IN Broken Promise, superstar crime writer Linwood Barclay delves into the underbelly of small town America, territory he knows well, he tells David Robinson ahead of his appearance at the Bloody Scotland literary festival
In the basement of his home in Burlington, 20 miles south-west of Toronto, Linwood Barclay has a model railway. It’s taken him decades to perfect. There’s a whole whirring miniature world down there, crammed into a 15 foot square room: weathered town centre office blocks, a hotel with faded adverts on its walls, a bus station next to the main train station, and then out through rubbery grass cuttings and embankments and plastic cast-iron bridges, to a countryside of seafoam trees and realistically rusty farmsheds. Between them, freight trains and Canadian Pacific passenger expresses rattle by on ever-switching loops. Now that the kids are grown up and gone, he spends hours there.
Most of the daytime, though, Linwood Barclay, 60, is upstairs in his first floor study writing crime novels that are far less predictable – but every bit as complete and ingenious – as the model railway layout two floors down. His latest, Broken Promise, writhes with twisting plots – at one point I counted ten – in a way that makes single-track thrillers look positively anaemic.
Although it is a 500-page baggy monster in its own right, it is also the first in a trilogy, so there has to be enough plot left hanging for the next two books. Fortunately there is, although his British publisher, Orion, shamefully doesn’t bother to mention this fact, so some readers may feel shortchanged that not everything is neatly wrapped up by the end. For the rest of us, the only thing wrong with the book is that we’ll have to wait a full nine months for the sequel.
Broken Promise is set in Promise Falls, a fictional small town in upstate New York. We’ve been there before in Barclay’s fiction – in Too Close to Home, Never Look Away and Trust Your Eyes – but since then it has gone to the dogs almost as comprehensively as Bedford Falls in the middle segment of It’s A Wonderful Life. The local amusement park has been mothballed, the hospital is haemorrhaging staff, and the town’s newspaper closed for good just a week after 41-year-old David Harwood (last seen in 2010’s Never Look Away) moved back from Boston for a job as a reporter.
I could tell you exactly why Harwood is checking up on his cousin Marla, who is still getting over losing her baby a year ago, and how he tries to clear her from a charge of murdering the mother of a baby she has mysteriously acquired in the meantime, but you’d have far more fun finding out for yourself. What interests me more is how Barclay got to be such a master of the crime fiction universe in the first place, the kind of superstar chosen to round off the Bloody Scotland crime writing festival in Stirling next weekend (13 September: book now), whose books have been translated into 40 different languages and topped the crime bestseller charts not just in Britain but in Germany, Italy and the Netherlands too. And for that, I have three brief answers: model trains, newspapers and Ross Macdonald.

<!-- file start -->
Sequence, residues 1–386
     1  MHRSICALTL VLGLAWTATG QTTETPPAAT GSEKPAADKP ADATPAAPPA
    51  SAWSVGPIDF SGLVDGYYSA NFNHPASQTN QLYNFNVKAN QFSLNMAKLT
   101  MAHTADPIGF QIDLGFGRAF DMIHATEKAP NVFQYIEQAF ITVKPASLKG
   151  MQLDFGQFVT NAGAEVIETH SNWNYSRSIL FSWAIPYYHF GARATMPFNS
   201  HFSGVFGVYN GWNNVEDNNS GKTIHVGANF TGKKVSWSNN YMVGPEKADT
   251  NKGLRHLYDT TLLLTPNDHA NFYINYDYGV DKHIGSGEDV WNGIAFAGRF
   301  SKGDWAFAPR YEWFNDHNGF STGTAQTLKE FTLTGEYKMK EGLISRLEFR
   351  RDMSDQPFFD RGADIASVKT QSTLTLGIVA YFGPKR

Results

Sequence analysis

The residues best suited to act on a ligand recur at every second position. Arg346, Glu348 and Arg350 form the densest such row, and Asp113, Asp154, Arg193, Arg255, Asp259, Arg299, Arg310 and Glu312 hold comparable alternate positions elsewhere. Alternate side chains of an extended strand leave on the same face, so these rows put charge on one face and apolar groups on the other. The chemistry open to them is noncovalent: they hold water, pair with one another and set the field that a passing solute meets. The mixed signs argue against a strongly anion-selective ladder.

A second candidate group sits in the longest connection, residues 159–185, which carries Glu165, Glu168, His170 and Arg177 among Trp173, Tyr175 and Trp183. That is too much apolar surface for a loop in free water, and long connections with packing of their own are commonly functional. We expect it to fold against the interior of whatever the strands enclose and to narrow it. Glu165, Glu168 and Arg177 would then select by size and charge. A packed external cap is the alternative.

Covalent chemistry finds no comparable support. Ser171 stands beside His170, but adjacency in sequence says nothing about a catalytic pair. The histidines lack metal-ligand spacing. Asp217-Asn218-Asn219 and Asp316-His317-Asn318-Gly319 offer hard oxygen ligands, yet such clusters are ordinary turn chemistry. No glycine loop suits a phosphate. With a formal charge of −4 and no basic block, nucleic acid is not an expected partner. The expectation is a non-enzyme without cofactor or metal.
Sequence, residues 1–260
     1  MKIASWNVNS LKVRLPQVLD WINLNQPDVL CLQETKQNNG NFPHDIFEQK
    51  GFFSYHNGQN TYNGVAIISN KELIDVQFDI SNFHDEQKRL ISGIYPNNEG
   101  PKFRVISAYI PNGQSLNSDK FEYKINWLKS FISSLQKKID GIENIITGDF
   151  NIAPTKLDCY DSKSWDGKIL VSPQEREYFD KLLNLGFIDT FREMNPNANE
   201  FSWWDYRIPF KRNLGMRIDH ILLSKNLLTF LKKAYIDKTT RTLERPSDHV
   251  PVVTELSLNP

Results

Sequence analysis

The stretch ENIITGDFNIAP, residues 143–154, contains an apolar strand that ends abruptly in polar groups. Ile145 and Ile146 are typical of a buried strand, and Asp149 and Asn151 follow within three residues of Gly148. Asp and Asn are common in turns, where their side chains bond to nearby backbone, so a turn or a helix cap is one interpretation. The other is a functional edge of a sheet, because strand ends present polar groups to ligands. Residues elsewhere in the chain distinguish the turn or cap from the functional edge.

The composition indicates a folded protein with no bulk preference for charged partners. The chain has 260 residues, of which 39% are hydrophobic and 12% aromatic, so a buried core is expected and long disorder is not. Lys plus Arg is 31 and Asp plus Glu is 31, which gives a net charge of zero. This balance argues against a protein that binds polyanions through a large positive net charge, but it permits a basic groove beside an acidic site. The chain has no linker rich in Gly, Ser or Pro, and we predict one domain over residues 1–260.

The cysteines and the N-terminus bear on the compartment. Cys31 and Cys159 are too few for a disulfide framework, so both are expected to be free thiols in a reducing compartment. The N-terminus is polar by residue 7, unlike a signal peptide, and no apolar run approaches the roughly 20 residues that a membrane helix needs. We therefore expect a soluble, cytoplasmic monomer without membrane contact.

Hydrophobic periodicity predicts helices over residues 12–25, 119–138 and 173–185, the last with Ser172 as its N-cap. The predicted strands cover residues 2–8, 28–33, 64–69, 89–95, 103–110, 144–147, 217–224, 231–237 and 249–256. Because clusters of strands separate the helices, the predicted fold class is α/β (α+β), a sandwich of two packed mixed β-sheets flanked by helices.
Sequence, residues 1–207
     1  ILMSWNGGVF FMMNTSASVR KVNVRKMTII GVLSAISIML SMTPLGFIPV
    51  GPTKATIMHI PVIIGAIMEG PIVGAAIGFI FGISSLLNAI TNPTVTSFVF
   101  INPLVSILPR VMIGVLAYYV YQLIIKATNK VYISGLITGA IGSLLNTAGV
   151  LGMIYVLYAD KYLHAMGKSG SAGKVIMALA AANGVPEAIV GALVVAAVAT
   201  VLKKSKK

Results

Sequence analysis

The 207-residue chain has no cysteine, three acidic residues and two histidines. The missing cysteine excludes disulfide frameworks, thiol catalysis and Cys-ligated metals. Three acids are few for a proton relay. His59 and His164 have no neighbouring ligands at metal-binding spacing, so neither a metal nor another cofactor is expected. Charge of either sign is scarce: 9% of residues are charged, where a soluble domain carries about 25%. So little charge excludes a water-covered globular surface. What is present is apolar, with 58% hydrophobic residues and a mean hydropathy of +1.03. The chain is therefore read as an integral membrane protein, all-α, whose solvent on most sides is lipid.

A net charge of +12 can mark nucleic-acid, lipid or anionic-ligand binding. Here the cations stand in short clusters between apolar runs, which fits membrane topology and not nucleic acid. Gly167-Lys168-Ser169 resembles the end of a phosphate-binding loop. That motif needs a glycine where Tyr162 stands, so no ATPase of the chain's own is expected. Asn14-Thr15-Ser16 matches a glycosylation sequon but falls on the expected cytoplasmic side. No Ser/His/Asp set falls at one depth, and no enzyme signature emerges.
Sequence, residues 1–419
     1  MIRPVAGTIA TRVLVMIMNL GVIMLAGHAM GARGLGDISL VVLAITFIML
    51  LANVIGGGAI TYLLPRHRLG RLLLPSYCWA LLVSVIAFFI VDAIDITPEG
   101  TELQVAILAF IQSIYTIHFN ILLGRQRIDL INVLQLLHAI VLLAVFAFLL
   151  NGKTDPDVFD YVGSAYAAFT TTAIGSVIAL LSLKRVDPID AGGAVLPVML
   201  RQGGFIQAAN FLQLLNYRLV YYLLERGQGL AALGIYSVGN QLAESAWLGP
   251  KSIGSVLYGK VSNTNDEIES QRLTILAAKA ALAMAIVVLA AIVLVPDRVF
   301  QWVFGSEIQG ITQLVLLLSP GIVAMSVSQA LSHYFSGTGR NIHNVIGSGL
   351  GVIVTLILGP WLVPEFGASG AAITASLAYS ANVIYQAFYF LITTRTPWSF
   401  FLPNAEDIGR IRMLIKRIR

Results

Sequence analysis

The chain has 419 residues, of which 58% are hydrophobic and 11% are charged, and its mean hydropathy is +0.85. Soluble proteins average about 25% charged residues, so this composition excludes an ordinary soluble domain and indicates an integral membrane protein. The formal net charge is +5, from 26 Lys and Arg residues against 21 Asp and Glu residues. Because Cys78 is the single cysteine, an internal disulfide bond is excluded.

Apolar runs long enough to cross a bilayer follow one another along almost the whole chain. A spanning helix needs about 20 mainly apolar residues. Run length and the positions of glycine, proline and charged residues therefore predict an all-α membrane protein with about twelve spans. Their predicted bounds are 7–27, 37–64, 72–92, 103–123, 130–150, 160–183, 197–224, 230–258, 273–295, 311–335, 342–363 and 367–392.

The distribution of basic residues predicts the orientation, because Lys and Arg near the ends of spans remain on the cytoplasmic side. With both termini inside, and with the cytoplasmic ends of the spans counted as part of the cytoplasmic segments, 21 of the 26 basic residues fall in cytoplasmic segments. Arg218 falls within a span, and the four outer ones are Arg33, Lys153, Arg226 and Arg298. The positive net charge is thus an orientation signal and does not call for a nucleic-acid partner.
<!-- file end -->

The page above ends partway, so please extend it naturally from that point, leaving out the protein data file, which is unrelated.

Let’s begin with model trains, because there’s far more here than meets the eye. For trains, read an ordered childhood. Linwood Barclay’s came to an end the day he watched his father die of lung cancer. He was 16 at the time, and already trying his hand at writing detective fiction in and amongst going to school and helping out on his parent’s cabin and trailer park at Kawartha Lakes, north-east of Toronto. There was a model train track in the family home’s basement there too: not as skilfully accessorised as the one he has now, but a plywood board crammed with tracks for both model trains and cars that met at a level crossing. He and his father used to love to race the cars to beat the trains through the crossing.
“My father’s death was by far the biggest turning point in my life,” he tells me. “We were running a family business and my mother just put everything onto me – so at 16 I was basically looking after her, and running the business, and also looking after my brother, who was 11 years older than me and suffered from schizophrenia.” (His 2011 novel, Trust Your Eyes – elevator pitch: “Rain Man meets Rear Window” – was, he has said, although not based on his brother’s illness, informed by it).